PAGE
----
On the Fly: Challenge yourself out there on the river by embraces the phases

Scott Spooner
On the Fly
Local angler London Krapff on the Roaring Fork River.
Shannon Outing Photography/Courtesy photo

Many anglers go through the usual “phases” in their development and enjoyment of the sport of fly fishing. Usually, it starts with trying to catch every fish in the river, then after a few years, it’s trying to catch all the big ones.

Next up is being stubborn and fishing in one way all season, like exclusively casting dry flies on the surface or throwing large baitfish-imitating streamers. Many people go through a phase of only fishing flies they tied themselves. Some spend a year or two trying to figure out lakes (versus quasi-predictable rivers) or graduate to salt water and become obsessed with bonefish, tarpon, and permit.

I’m in the strictly sight-fishing phase, which has been challenging, yet rewarding. Sight fishing simply means only casting at fish you can see, versus prospecting the water in the likely holding spots with flies fished deep or on the surface. Most of our fishing time on an average day is prospecting, so patience is required to only cast at fish you have eyes on.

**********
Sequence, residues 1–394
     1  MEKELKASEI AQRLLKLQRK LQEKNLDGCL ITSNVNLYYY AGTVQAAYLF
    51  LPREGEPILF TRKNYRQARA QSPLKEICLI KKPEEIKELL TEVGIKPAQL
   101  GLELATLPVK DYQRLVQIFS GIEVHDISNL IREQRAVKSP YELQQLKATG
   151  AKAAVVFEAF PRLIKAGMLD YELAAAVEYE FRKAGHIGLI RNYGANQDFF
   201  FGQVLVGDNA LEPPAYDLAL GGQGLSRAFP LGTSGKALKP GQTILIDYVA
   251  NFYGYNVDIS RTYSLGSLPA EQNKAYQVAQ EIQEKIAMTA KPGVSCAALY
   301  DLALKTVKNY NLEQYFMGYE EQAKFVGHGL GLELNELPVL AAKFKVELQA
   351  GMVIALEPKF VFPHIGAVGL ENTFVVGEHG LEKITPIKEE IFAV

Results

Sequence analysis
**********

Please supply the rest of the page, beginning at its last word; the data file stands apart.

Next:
I know for sure that it is improving my fish vision, calmness, and presentation, and I encourage you to give strictly sight fishing a try if you need a new challenge. I’m not catching as many because I’m not spending the whole day casting to the likely looking spots, but the fish I am catching have been much more rewarding, personally.

Sight fishing teaches you to interpret fish behavior. A trout can be in many different kinds of moods — including pouting and sulking, skittish and nervous, curious and excited, and if you’re lucky, reckless and uninhibited.

Sight fishing slows you down. You cast rarely, mindfully, and surgically. You start to watch the insect life much more closely and perceive what life-cycle stage the fish are keyed in on (plus what they are totally ignoring). Fly selection is much more nuanced when sight fishing, and you start to appreciate well-tied, match-the-hatch fly patterns versus those flies that caught your fancy but are shunned by wary trout. Take the sight fishing challenge — you’ll become a better angler, I’ll bet!


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